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Gentle sleep training - the flaw

(25 Posts)
MrsMogginsMinge Fri 10-Jul-15 09:02:05

So I'm currently trying to persuade 20 week old DS to start napping in his cot (in our room) rather than next to me on our bed. He's wiggling and starting to roll and it just doesn't feel safe unless I'm right there next to him and I don't want to spend 3/4 hours a day lying in a darkened room for the foreseeable future.

(I know the guidance is for all sleeps in the same room until 6 months but he's an inquisitive soul and a light sleeper and just will not drop off/stay asleep downstairs - which is why we started the cosleeping naps upstairs. They were also a great improvement on the previous regime of vigorous rocking and shhing/stomping in the sling - he's a big baby and not one of life's natural sleepers. But now he's a little older I want to be able to get on and potter and quietly pop in and out to check on him. I'm comfortable with this having considered it carefully.)

We are taking it slowly, obviously, because he is so wee. So far we have had some success - he will now eventually consent to dropping off if I sit on the floor next to the cot with my hand on his chest and occasionally stroke his forehead. Win. BUT it takes him quite a bit longer to drop off, which makes each nap a bit late, and he is currently mostly waking after one sleep cycle and resisting soothing whereas I could (80% of the time) soothe him into a longer nap if I was lying next to him. Result is one overtired little boy, and his sleep last night was even worse than usual. So settling him for naps is harder today, and he is more resistant to the cot, and so it goes on...

Before I had him I couldn't see why people would use controlled crying etc. when there were more gentle methods available. But if the gentle methods take weeks of slowly moving the goalposts, surely you end up in a horrible cycle where you're constantly asking your DC to sleep in ways which are slightly unfamiliar for them and they don't sleep properly for ages? As opposed to 3ish days of misery with e.g. Ferber?

Don't get me wrong, I'm not about to start CC on my 4 month old, but is there any other way around this problem? Do I just do one nap a day in the cot, or will that just confuse him? Do I stick it out and hope he starts to get through that nap transition by himself sooner the more practice he has? Do I just lie in a darkened room a lot for the next few months and then do something a bit more direct? Gah.

museumum Fri 10-Jul-15 09:05:10

At that age we weren't usually home all day so we did one or two cot nap and one or two buggy/car/sling naps. If early afternoon nap went bad we had a wee walk at 4ish to let him nod off if he needed to but no stress if he didn't.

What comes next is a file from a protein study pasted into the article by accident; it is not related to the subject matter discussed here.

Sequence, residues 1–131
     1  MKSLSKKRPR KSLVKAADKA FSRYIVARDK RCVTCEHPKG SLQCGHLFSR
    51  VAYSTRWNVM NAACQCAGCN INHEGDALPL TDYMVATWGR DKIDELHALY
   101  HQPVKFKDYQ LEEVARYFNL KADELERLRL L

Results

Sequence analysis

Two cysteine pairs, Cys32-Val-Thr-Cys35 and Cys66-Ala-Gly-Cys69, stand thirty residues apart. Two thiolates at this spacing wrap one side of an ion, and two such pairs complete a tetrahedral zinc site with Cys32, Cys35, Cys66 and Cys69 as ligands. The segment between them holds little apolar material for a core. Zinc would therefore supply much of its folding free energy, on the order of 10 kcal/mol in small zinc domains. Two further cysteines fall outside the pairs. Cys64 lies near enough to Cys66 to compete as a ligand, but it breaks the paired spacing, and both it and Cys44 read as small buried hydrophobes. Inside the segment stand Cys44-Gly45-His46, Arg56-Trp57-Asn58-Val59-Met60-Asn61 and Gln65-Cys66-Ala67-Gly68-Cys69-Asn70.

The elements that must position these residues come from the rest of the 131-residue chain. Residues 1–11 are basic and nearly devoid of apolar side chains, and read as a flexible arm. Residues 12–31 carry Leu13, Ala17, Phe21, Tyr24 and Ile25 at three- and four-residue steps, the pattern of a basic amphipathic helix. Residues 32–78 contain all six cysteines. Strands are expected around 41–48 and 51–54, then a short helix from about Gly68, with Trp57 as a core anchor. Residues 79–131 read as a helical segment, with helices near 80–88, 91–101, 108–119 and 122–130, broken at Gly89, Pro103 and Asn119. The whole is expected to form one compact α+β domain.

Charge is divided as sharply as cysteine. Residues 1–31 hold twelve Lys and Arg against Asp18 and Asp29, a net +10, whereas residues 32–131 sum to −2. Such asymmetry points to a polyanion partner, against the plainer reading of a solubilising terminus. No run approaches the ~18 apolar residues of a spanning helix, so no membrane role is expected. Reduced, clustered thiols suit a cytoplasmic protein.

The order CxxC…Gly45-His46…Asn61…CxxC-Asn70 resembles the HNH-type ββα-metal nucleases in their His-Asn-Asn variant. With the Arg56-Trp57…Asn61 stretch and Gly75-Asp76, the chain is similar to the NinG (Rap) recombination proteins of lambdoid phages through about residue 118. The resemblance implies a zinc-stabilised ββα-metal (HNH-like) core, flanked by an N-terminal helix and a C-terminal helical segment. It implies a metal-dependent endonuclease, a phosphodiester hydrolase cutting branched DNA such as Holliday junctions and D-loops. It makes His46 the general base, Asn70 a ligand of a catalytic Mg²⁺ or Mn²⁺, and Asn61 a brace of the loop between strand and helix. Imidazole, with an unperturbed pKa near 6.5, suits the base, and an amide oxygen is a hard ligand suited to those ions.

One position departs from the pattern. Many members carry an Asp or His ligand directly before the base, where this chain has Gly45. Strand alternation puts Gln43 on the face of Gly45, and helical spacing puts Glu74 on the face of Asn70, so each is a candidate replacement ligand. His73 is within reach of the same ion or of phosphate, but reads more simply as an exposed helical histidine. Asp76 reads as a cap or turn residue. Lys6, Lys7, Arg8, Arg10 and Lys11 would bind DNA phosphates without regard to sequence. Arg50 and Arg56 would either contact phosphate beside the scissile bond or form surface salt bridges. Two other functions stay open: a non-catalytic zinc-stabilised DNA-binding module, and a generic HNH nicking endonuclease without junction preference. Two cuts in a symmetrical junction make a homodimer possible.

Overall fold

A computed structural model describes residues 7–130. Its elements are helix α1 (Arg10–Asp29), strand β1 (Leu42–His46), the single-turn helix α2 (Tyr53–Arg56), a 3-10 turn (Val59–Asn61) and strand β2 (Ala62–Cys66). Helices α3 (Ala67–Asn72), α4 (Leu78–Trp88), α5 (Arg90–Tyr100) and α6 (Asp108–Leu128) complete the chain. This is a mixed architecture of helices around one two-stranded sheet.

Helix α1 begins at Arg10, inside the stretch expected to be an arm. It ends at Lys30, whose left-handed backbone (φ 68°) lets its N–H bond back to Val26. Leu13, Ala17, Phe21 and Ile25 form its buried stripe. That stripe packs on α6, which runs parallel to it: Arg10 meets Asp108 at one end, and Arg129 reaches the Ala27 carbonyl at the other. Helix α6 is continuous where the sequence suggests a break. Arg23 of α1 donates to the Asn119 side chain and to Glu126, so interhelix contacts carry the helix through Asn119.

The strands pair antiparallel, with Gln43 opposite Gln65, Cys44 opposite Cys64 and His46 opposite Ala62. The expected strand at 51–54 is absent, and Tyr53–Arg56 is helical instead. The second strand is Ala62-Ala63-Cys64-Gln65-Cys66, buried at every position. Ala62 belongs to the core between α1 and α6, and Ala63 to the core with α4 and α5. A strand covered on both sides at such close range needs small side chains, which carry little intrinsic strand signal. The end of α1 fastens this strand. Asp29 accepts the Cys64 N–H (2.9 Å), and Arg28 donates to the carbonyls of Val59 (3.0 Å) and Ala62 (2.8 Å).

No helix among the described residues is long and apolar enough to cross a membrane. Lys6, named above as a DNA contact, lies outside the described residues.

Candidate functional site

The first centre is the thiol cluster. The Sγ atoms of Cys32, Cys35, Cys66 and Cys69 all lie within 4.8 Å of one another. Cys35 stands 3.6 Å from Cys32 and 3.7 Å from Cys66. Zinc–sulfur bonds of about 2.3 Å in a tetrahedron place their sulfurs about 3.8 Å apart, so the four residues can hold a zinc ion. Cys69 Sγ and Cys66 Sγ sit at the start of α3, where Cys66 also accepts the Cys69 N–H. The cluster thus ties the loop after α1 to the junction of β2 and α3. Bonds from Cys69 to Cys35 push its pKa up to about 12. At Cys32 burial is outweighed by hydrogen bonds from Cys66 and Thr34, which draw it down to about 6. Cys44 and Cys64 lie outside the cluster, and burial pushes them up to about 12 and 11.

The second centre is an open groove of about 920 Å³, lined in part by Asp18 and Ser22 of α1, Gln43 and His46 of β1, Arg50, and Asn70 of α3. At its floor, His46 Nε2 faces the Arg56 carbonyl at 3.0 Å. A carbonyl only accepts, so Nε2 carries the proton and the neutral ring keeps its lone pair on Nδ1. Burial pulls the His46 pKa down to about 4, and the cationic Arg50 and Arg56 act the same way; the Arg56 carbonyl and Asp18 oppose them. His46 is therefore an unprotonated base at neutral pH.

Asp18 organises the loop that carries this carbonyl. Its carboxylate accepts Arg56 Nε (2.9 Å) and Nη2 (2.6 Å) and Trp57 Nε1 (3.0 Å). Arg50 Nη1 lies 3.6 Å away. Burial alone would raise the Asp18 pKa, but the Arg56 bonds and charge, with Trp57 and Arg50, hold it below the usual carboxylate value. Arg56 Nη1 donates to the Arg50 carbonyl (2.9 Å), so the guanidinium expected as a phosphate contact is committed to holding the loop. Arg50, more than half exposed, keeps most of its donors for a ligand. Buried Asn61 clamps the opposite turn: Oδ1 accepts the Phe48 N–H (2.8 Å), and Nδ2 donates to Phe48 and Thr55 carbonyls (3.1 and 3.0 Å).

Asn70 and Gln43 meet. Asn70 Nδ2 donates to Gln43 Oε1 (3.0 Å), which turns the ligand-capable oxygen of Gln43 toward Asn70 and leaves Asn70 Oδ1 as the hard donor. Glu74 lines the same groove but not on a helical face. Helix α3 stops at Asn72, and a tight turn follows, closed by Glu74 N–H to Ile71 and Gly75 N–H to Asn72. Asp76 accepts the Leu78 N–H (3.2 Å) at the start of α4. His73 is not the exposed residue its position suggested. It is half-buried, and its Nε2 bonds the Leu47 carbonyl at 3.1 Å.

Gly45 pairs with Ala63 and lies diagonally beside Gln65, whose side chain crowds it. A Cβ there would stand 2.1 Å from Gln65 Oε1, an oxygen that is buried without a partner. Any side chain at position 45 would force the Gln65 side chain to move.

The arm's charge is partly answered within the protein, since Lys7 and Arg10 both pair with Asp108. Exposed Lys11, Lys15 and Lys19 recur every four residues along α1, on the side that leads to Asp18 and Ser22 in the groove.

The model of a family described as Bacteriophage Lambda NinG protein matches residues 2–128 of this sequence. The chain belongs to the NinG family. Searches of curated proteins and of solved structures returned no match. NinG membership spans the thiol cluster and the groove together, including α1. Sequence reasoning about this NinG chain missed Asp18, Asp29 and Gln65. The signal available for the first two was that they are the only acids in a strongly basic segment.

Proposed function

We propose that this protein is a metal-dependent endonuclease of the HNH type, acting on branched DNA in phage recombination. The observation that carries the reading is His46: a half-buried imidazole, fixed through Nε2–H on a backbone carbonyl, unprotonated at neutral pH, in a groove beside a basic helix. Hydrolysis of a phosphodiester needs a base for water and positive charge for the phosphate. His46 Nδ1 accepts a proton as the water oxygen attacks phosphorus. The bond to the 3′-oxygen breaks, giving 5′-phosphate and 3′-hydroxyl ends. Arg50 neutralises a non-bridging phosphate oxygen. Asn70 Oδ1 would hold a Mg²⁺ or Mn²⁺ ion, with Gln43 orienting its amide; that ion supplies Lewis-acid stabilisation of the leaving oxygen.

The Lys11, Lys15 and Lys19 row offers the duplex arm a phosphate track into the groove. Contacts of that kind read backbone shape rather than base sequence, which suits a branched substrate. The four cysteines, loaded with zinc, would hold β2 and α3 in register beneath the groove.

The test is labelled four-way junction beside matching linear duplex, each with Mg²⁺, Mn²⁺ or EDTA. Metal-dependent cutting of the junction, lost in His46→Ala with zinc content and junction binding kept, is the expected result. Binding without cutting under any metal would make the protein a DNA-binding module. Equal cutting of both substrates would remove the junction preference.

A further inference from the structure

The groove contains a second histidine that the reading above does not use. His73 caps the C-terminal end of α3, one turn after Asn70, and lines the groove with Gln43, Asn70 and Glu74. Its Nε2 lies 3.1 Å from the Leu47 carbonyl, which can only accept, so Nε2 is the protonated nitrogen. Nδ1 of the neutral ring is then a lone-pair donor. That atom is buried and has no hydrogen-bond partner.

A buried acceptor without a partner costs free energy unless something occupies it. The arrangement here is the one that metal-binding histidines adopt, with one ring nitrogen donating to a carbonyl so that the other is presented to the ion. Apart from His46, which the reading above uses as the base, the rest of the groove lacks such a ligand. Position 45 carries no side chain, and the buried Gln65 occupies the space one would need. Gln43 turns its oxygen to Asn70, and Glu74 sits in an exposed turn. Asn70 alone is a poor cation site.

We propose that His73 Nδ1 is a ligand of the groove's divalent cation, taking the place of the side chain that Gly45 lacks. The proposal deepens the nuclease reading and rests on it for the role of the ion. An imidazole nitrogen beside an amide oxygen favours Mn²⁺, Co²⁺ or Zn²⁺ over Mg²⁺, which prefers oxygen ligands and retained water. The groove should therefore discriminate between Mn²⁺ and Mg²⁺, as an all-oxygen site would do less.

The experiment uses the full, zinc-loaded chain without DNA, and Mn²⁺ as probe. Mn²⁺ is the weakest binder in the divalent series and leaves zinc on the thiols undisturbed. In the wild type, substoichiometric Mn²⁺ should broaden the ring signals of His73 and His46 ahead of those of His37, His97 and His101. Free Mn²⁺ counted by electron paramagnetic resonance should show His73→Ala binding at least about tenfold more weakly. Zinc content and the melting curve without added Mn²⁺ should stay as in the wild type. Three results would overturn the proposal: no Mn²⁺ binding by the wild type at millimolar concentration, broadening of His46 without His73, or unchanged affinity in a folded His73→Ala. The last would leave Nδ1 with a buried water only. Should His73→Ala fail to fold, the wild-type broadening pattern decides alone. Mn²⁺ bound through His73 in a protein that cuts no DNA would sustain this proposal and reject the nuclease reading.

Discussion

museumum Fri 10-Jul-15 09:05:42

That doesn't answer your question but explains how we prevented an overtired cycle.

nottheOP Fri 10-Jul-15 09:10:54

I do feel that a few days of crying is preferable to weeks and weeks of trying to be gentle, if the end result is that they cry just as much, if not more over the whole period. But that's my baby. I discovered when he was 3 months old, that he cried himself to sleep. In my arms, this was up to an hour of crying. In his cot/pram/car seat it was 5 minutes. So we went with the path of least resistance. He cried himself to sleep for every sleep until he was about 18 months old at which point he just went to sleep.

I was fairly strict about the naps as he was a better sleeper overnight when he had napped well. His form was always much better.

If your baby naps in the pram, stick with it for one or two naps per day. It is really valuable to not be stuck in the house for 2 hours a day until they're 3 (or whenever they drop the nap) IMO.

I think DS was 6/7 months old when he went from 3 naps to 2. They were 2 good naps then and much more predictable. It was basically a really early lunch, then a nap and another one before dinner. The routine revolves around food!

Artandco Fri 10-Jul-15 09:19:02

I don't think it's a flaw. Your are teaching a tiny baby to trust and sleep .

The flaw with controlled crying is yes they cry for a few days and sleep at home. But then they have to repeat that process to fall asleep in each new environment such as pram/ grannies house/ on plane/ on holiday.

So gentle teaches slower to start with but then doesn't need to be taught again. Cc teaches to cry in each new environment until they give up, so maybe 3-10 days in each new place. ( that's a whole two week holiday screaming potentially)

MrsMogginsMinge Fri 10-Jul-15 09:47:57

I used to be able to get longer naps in the pram but that stopped working a while ago. Basically the cosleeping nap is the only way I've managed to get him over the 45 min barrier since he was about 8-10 weeks ish, apart from occasional long motorway journeys. Now he's used to stationary sleep he'll only do 20/30 mins in the pram or car seat (sob!). I thought I was helping by weaning off motion but obviously not. Haven't tried the sling nap for a while so maybe I'll do that.